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Those of us who believe in Jesus are on a faith journey.

Sometimes we fly.

He carries us on eagles’ wings.



One example from scripture is God’s deliverance of the Israelites from Egypt.  He said, “You yourselves have seen what I did to Egypt, and how I carried you on eagles’ wings and brought you to myself” (Exodus 19:4).

The Israelites had done nothing to secure their release from Pharaoh.   God caused the plagues, God opened the Red Sea for the Israelites’ escape, and God destroyed the Egyptian army.

Moses and his sister, Miriam, sang a song to the Lord, to celebrate their deliverance.



“Who among the gods is like you, O Lord?  Who is like you–majestic in holiness, awesome in glory, working wonders?” (Exodus 15:11).

Has your heart soared on the euphoria of an awesome and glorious miracle?

We have.  A number of times.  One day D. called to announce she wanted to buy us a car.  Arrangements were made with a dealership; all we had to do was go and pick one out.

“Oh–and get leather seats,” she insisted.  “They’re so much more comfortable.”

Can you imagine?  What an incredible blessing!  Our hearts soared for weeks on that miracle.   Even now, more than thirteen years later, that car is a constant reminder of God’s supernatural provision.  (Yes, it’s still running smoothly!) Through D., God proved unequivocally his love and power.

Sometimes we soar; sometimes we runon supernatural strength.

We feel the supernatural power of the Spirit coursing through our veins, providing strength and passion for the task at hand.  It is a spontaneous sprint, energized by omnipotent God.

New Christians are often empowered for a running start in their burgeoning faith. Eagerly they soak up Bible knowledge in small groups and personal Bible study.

In other cases, God places a special call on someone’s life to fulfill a need.  And with the call comes supernatural strength to meet the challenge.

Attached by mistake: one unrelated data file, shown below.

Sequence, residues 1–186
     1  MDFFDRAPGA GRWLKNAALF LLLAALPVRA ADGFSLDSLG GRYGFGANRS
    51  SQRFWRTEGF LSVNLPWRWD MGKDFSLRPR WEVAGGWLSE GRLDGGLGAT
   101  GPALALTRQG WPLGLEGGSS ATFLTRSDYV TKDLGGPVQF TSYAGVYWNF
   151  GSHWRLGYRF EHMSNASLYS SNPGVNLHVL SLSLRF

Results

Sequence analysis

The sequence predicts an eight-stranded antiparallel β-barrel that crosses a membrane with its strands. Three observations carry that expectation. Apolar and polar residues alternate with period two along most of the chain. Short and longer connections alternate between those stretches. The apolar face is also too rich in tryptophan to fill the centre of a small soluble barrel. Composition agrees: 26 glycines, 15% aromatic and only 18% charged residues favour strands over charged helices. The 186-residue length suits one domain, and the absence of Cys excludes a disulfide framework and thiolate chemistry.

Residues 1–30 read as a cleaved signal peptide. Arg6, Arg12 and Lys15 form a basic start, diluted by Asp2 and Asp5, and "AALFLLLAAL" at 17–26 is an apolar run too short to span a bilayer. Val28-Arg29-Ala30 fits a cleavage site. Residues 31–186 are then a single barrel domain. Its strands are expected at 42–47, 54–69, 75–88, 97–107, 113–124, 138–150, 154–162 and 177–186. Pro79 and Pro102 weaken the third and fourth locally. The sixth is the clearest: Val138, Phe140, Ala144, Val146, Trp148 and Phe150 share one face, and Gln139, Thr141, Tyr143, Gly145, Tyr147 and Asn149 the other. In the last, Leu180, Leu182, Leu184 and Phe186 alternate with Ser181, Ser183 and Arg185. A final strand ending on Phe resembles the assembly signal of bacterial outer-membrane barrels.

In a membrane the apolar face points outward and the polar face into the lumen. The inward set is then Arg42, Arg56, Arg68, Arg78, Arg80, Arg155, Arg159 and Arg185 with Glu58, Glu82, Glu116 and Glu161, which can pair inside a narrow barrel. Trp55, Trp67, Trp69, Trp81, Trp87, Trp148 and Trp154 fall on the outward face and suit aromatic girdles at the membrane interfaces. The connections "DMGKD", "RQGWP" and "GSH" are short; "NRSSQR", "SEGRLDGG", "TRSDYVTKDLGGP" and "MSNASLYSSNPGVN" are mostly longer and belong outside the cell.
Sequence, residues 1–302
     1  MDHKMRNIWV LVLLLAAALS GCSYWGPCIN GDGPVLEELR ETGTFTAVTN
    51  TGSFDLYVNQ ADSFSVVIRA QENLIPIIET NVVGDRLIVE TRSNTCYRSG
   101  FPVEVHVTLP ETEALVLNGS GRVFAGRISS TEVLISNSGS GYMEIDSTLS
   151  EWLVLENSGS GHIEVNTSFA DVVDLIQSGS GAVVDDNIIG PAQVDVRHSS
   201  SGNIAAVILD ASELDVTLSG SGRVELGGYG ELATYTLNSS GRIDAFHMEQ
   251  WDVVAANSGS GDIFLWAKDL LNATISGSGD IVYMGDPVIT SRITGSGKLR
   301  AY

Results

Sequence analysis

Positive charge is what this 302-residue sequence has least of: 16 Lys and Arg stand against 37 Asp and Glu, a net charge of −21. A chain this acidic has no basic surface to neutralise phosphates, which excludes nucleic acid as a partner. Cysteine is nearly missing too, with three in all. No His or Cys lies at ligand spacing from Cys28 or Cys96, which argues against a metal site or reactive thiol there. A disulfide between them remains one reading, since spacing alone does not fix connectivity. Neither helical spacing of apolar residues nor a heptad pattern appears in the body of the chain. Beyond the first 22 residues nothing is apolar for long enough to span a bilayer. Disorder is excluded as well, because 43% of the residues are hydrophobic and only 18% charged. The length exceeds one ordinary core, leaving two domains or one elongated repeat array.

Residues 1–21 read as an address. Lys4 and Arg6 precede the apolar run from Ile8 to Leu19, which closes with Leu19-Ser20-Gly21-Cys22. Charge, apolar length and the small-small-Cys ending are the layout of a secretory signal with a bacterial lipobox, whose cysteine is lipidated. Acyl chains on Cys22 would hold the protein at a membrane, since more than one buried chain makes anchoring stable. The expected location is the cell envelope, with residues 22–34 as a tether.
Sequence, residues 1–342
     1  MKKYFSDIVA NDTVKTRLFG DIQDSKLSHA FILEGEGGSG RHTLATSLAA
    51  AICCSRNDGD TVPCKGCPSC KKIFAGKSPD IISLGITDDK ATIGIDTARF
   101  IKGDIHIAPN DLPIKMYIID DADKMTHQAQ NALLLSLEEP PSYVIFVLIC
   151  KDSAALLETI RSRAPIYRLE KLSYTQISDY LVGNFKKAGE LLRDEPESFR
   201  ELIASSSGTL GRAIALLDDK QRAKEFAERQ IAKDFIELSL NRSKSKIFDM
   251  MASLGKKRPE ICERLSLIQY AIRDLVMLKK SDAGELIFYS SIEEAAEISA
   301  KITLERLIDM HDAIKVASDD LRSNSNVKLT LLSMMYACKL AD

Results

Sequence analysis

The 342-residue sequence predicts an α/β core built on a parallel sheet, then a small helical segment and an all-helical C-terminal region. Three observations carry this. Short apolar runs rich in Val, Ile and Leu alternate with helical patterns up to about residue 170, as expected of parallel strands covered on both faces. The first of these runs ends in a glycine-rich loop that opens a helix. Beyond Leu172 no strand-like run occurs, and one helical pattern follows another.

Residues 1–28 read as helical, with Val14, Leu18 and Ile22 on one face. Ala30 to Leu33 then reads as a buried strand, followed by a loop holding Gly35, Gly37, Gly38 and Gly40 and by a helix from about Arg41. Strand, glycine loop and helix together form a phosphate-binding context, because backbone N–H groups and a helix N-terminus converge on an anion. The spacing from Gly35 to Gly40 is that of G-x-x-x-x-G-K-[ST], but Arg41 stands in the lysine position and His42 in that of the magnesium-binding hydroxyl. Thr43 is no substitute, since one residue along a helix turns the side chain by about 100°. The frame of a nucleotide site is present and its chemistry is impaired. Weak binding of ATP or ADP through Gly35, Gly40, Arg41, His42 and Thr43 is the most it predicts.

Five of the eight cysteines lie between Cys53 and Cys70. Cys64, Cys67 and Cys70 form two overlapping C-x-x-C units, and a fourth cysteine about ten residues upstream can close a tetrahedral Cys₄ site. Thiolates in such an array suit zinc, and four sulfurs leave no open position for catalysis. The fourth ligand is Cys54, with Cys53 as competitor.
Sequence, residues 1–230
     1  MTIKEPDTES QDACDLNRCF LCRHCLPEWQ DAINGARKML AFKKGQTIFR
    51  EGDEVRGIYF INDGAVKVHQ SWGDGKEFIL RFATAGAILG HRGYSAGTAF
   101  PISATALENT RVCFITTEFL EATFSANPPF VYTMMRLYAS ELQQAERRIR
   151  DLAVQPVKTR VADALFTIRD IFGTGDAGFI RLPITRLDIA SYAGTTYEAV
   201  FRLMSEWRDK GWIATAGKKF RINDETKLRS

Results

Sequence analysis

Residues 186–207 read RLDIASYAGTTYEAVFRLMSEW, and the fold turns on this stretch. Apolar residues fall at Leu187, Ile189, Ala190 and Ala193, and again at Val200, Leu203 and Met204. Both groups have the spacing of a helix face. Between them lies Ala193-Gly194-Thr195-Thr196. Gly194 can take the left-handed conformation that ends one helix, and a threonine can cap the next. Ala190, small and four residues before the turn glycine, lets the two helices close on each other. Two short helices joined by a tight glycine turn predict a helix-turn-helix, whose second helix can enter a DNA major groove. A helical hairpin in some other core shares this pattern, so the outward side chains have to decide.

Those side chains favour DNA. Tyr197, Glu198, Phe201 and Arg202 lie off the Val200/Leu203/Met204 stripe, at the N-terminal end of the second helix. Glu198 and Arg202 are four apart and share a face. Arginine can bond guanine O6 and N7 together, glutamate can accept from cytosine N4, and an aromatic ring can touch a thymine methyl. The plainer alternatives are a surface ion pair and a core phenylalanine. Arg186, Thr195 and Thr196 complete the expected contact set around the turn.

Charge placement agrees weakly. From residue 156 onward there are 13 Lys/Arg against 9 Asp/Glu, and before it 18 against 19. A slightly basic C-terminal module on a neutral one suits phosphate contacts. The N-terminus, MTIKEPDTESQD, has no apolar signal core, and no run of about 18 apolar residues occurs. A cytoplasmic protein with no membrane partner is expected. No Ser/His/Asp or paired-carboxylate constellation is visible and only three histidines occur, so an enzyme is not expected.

That’s what happened to J.B.  God infused him with a passion to upgrade the sound system of our church.  Night after night, he worked at rewiring the sanctuary.  Much of that time was spent climbing about in the rafters.  This after working each day at his business.

When I asked J.B. about exhausting himself, he assured me  he was having fun!  He didn’t feel worn out at all.  God was giving him the strength to complete the project.

Yes, it’s exhilarating to fly on eagles’ wings of miracles and run on supernatural strength.  But…

…most of the time on our faith journey, we walk.

Step by step.  Choice by choice.  Slowly approaching the destination—the day of Christ Jesus (Phil. 1:6).  Sometimes the path is uphill and rocky.  We strain with effort to make progress.  Some days the path is winding, and we cannot see ahead.

Yet in spite of struggle and uncertainty, the walk can still bring much pleasure to the heart.  “Blessed are those…who walk in the light of your presence, O Lord” (Psalm 89:15).  You see, we do not walk alone.  The Company we keep makes all the difference.

Walking in faith involves plenty of ordinary tasks and days without miracles. Children to care for.  Laundry to do.  Meals to cook.  Calls to make.   Students to teach.  Sales to close.